New York families who lost loved ones in nursing home crisis to hold 'mock funeral for Gov. Cuomo

New York families, who lost elderly loved ones during the state's coronavirus crisis this spring, plan to hold a "mock funeral" targeting New York Gov. Andrew Cuomo's "leadership and integrity," the New York Post reported.

What's the background?

In late March, Cuomo issued an executive order that said nursing homes could not reject patients recovering from the coronavirus. At the time, New York hospitals were being overran with COVID-19 patients as The Empire State quickly became the global epicenter for the novel virus, and the policy was supposedly meant to free up hospital beds.

However, the directive turned out to be a death warrant for thousands of elderly New Yorkers. Cuomo officially reversed the policy in mid-May, but he has thus far refused accountability.

In fact, in a book that was published this week about his response to the pandemic, Cuomo blamed Republicans for his scandal.

"By early spring, Republicans needed an offense to distract from the narrative of their botched federal response — and they needed it badly," Cuomo wrote. "So they decided to attack Democratic governors and blame them for nursing homes."

What are the families doing?

From the New York Post:

Grieving family members who lost loved ones in New York nursing homes due to COVID-19 plan to stage a "funeral" for Gov. Andrew Cuomo's "leadership and integrity."

The relatives will stand outside of Brownstone Brooklyn's coronavirus-ravaged Cobble Hill Health Center on Sunday at noon — and demand that Cuomo apologize for what they call his botched response to the pandemic, organizers said.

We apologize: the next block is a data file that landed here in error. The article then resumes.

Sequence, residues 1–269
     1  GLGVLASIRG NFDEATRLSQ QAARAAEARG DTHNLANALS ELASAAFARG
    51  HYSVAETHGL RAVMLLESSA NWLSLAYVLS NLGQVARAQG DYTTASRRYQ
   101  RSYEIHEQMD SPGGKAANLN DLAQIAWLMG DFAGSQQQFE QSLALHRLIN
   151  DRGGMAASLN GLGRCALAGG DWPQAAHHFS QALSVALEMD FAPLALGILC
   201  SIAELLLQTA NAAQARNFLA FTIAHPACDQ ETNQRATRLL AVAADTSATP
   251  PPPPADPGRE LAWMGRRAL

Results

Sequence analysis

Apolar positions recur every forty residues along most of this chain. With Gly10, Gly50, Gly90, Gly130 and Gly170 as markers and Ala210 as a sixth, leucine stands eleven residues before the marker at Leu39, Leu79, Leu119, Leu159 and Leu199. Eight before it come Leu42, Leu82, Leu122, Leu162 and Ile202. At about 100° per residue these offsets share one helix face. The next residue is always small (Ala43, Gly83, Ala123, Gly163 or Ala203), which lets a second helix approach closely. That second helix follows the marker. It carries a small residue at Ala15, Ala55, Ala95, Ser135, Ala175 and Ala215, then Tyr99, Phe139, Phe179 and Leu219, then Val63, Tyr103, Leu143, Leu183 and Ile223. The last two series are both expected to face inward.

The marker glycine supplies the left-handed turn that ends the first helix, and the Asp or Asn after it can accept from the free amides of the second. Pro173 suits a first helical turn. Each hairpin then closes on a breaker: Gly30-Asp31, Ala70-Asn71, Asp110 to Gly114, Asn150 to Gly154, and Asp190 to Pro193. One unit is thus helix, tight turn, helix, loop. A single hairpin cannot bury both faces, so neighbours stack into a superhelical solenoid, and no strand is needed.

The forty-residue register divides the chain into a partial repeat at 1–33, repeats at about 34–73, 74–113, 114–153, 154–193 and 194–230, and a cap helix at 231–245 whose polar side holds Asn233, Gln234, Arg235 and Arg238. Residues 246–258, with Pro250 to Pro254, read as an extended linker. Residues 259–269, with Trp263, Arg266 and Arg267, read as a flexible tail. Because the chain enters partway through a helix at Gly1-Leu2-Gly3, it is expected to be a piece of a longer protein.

Daniel Arbeeny, who lost his father and three other elderly family members in the nursing home crisis, told the Post that a hearse has been rented for the event, which will carry a casket filled with thousands of pages from Cuomo's book.

"Ultimately we want an apology and we don't want it to be buried and hidden and forgotten. Thousands upon thousands of people died — couldn't have burials," Arbeeny said.

"Now he wrote this book, he's calling himself great. Taking credit for the good things and blaming everyone for everything else," Arbeeny added. "In our heart we want him to apologize. Period. End of discussion."

How is Cuomo responding?

Rich Azzopardi, a spokesman for the governor, dismissed the families, according to the Post, and continued to blame Republican's for Cuomo's order.

"We mourn with every family who lost someone during this pandemic and hope they look past the misinformation and outright lies that have been manufactured by right-wing ‎agitators and their allies looking to cover for the federal government's many, many failures," Azzopardi said.

"The fact remains that every state across the nation is grappling with how to keep nursing home patients safe and tackle the root cause of infections — asymptomatic staffers who through no fault of their own bring in the virus," he added.

No comments:

Powered by Blogger.